He chooses instead to let us partner with Him in learning how to live full and satisfying lives – within His restrictions.

We have to decide what value we place on intimacy and fidelity.  Are they precious treasures to cherish or commonplace commodities to dispense without restraint and self-control?  Do we follow the path of feelings which, while strong, are not always reliable short-term guides?  Or do we measure everything by the long-term truth of God’s Word?

While there is no one Bible verse which explicitly says, “Do not have sex if you are unmarried,” there are plenty of verses which talk about honoring the marriage bed (Hebrews 13:4), fleeing sexual immorality (I Corinthians 6:18), ‘acts of flesh’ to avoid (Galatians 5:19), and that a significant part of living a holy life is to steer clear of sexual immorality (I Thessalonians 4:3).  In other words,

God’s agape design for us is, if you are single – no intimate sex!  Is it easy?  No!  Is it possible?  Yes!

I remember hearing a story about a couple on a secluded beach at sunset, making the decision to satisfy their physical desire for one another.  One of them said, “Let’s pray first,” and then prayed, “Dear Lord, forgive us for what we are about to do.”  That brought them back to the reality of the situation and its importance, and they decided to leave the place which was putting them into temptation’s path.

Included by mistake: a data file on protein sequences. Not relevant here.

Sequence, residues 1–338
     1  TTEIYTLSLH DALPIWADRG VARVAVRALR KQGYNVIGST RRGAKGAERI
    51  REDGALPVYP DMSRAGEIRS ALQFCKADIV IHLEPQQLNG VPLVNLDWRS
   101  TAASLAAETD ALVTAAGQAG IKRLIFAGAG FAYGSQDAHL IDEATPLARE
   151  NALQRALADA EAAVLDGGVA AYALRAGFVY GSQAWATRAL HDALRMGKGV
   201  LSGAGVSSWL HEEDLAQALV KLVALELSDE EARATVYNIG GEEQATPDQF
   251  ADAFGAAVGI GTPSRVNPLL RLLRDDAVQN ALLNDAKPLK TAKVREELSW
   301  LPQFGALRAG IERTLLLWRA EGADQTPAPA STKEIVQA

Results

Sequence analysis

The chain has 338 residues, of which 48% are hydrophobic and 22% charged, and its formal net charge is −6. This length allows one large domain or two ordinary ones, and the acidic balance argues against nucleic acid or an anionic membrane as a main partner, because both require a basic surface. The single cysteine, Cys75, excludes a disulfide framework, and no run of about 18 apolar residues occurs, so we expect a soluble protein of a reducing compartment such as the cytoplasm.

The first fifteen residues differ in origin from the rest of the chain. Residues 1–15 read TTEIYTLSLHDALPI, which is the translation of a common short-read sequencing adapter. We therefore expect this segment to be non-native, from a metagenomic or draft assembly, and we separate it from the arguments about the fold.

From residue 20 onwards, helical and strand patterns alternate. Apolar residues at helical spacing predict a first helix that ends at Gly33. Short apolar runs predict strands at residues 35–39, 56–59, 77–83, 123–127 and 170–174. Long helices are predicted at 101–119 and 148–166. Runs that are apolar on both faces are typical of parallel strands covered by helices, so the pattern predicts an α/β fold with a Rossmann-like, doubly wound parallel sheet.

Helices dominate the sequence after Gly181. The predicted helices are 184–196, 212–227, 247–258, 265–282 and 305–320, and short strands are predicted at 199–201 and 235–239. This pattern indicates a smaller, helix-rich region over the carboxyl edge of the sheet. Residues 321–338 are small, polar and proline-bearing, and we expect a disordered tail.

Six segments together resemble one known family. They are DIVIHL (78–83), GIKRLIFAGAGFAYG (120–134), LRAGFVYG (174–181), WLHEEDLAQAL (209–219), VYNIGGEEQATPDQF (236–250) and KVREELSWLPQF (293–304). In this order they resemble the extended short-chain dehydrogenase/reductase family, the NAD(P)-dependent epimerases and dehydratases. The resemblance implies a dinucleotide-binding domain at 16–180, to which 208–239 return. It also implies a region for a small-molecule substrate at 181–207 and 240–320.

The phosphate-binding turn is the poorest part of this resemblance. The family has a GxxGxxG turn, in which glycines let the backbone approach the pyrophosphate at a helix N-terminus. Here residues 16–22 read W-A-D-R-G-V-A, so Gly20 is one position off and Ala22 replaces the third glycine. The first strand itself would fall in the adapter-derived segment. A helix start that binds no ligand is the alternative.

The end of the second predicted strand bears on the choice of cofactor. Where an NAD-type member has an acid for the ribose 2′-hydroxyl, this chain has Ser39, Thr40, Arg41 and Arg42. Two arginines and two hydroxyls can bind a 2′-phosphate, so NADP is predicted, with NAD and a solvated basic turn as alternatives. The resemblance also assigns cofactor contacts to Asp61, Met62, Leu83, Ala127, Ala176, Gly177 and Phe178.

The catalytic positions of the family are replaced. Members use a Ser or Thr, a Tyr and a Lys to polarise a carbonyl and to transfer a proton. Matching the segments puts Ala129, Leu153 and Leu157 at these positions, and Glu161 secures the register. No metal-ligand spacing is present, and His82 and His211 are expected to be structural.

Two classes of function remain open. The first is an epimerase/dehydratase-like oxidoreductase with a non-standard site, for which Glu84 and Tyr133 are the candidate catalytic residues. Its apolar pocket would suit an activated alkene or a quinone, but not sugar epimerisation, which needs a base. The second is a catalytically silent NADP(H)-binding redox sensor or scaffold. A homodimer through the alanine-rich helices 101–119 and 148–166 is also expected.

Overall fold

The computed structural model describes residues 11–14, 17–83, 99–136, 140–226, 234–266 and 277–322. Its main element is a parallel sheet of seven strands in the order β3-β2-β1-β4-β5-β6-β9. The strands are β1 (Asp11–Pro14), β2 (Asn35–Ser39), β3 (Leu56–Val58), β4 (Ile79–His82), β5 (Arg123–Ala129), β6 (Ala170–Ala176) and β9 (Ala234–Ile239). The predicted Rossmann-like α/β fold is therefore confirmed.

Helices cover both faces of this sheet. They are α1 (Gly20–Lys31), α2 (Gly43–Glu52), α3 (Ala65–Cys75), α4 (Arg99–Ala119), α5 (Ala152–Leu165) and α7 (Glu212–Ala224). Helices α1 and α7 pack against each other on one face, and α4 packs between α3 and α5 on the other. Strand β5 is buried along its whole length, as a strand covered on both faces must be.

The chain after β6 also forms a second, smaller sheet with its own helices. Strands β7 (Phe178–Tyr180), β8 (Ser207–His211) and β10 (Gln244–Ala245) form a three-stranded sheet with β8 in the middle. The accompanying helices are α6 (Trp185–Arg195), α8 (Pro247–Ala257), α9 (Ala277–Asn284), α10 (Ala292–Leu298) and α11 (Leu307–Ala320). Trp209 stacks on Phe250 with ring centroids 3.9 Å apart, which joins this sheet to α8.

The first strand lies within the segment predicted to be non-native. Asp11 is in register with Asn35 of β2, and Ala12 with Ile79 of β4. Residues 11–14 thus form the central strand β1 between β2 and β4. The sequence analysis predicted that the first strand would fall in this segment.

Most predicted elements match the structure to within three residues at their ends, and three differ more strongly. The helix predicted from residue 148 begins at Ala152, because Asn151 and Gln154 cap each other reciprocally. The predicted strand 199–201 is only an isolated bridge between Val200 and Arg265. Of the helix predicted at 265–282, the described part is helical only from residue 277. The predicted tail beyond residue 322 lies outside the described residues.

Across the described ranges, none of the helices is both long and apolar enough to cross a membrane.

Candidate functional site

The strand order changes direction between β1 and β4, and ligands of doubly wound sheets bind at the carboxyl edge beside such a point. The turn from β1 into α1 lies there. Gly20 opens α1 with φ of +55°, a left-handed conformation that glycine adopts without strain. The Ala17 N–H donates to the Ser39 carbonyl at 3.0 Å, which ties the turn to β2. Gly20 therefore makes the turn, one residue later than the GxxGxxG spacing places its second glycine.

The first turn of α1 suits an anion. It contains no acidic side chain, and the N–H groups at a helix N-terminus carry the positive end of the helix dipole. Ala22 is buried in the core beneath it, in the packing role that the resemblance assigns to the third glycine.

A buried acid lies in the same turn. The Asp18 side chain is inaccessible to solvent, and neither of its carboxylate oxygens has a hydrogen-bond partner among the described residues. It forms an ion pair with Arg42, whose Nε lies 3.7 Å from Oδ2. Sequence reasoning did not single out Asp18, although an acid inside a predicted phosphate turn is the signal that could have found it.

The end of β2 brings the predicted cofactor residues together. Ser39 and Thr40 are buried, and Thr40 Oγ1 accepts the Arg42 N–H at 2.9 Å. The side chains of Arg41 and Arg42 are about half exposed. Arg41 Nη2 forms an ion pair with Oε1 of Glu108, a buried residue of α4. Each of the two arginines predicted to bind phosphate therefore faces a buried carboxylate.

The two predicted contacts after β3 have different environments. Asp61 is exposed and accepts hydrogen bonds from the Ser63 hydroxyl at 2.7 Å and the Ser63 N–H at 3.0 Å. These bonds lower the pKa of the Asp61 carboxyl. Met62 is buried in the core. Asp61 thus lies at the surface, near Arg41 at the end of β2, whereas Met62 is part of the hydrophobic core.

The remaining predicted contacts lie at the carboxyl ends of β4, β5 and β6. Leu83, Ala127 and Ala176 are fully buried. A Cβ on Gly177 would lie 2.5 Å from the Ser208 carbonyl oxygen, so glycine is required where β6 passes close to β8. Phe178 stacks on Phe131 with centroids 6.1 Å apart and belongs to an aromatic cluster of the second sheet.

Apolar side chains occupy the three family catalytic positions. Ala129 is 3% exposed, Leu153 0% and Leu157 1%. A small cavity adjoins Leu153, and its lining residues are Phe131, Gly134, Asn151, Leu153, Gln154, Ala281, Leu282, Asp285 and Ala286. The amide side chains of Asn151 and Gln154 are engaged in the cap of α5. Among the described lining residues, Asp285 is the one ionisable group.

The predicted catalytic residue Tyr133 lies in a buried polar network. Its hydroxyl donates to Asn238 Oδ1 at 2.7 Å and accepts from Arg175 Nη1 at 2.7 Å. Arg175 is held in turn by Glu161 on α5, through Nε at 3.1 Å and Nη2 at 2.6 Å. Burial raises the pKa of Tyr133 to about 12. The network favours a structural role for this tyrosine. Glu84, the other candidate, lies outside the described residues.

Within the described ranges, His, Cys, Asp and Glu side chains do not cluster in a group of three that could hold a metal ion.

So, how in the world do we “take thoughts captive?”

  • * At first hint of temptation, go into “flee mode” – what I call the “Joseph move.” (Genesis 39:11-12)
  • * Switch channels, choose books wisely, police yourself online – a living sacrifice choice. (Romans 12:1-2)
  • * Focus thoughts on something else – redirection. (Philippians 4:6-8)
  • * Make a “covenant with your eyes” – Job’s advice to avoid lust. (Job 31:1)
  • * Change “just say ‘no'” to “I can say ‘no'” – choice made with self-control. (Titus 2:12)
  • * Find a confidential buddy – burdens shared, joys multiplied. (Galatians 6:2)

And, the umbrella verse for all of life no matter what age we are:

Psalm 119:9  How can a young person stay on the path of purity?  By living according to Your Word.**


** New International Version